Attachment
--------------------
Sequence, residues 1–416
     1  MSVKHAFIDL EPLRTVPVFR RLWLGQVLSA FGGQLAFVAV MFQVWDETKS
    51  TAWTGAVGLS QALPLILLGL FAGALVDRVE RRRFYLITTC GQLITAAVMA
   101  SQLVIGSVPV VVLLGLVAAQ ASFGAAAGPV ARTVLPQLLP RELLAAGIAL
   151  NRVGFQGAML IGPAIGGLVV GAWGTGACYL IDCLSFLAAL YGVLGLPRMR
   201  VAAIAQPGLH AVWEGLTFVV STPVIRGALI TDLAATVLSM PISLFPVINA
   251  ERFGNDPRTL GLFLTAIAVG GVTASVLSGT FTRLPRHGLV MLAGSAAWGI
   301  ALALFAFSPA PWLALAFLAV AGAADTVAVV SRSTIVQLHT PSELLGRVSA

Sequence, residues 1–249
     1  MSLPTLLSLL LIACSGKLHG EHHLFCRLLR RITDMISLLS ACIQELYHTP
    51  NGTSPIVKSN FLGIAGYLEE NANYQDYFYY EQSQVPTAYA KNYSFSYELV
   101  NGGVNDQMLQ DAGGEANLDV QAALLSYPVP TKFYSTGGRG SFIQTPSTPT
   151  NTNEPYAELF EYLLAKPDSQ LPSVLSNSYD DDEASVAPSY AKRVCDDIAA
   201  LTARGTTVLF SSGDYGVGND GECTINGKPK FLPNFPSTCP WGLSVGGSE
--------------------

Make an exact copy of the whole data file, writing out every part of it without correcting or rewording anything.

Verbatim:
Sequence, residues 1–416
     1  MSVKHAFIDL EPLRTVPVFR RLWLGQVLSA FGGQLAFVAV MFQVWDETKS
    51  TAWTGAVGLS QALPLILLGL FAGALVDRVE RRRFYLITTC GQLITAAVMA
   101  SQLVIGSVPV VVLLGLVAAQ ASFGAAAGPV ARTVLPQLLP RELLAAGIAL
   151  NRVGFQGAML IGPAIGGLVV GAWGTGACYL IDCLSFLAAL YGVLGLPRMR
   201  VAAIAQPGLH AVWEGLTFVV STPVIRGALI TDLAATVLSM PISLFPVINA
   251  ERFGNDPRTL GLFLTAIAVG GVTASVLSGT FTRLPRHGLV MLAGSAAWGI
   301  ALALFAFSPA PWLALAFLAV AGAADTVAVV SRSTIVQLHT PSELLGRVSA

Sequence, residues 1–249
     1  MSLPTLLSLL LIACSGKLHG EHHLFCRLLR RITDMISLLS ACIQELYHTP
    51  NGTSPIVKSN FLGIAGYLEE NANYQDYFYY EQSQVPTAYA KNYSFSYELV
   101  NGGVNDQMLQ DAGGEANLDV QAALLSYPVP TKFYSTGGRG SFIQTPSTPT
   151  NTNEPYAELF EYLLAKPDSQ LPSVLSNSYD DDEASVAPSY AKRVCDDIAA
   201  LTARGTTVLF SSGDYGVGND GECTINGKPK FLPNFPSTCP WGLSVGGSE